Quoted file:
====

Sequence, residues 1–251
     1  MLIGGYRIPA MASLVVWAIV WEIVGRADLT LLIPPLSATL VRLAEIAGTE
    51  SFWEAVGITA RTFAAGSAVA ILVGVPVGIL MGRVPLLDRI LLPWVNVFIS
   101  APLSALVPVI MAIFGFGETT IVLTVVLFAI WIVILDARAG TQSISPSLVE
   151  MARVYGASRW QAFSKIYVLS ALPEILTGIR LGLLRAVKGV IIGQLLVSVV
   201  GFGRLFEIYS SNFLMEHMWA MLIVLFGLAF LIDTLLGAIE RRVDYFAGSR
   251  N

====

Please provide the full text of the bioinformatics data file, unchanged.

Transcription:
Sequence, residues 1–251
     1  MLIGGYRIPA MASLVVWAIV WEIVGRADLT LLIPPLSATL VRLAEIAGTE
    51  SFWEAVGITA RTFAAGSAVA ILVGVPVGIL MGRVPLLDRI LLPWVNVFIS
   101  APLSALVPVI MAIFGFGETT IVLTVVLFAI WIVILDARAG TQSISPSLVE
   151  MARVYGASRW QAFSKIYVLS ALPEILTGIR LGLLRAVKGV IIGQLLVSVV
   201  GFGRLFEIYS SNFLMEHMWA MLIVLFGLAF LIDTLLGAIE RRVDYFAGSR
   251  N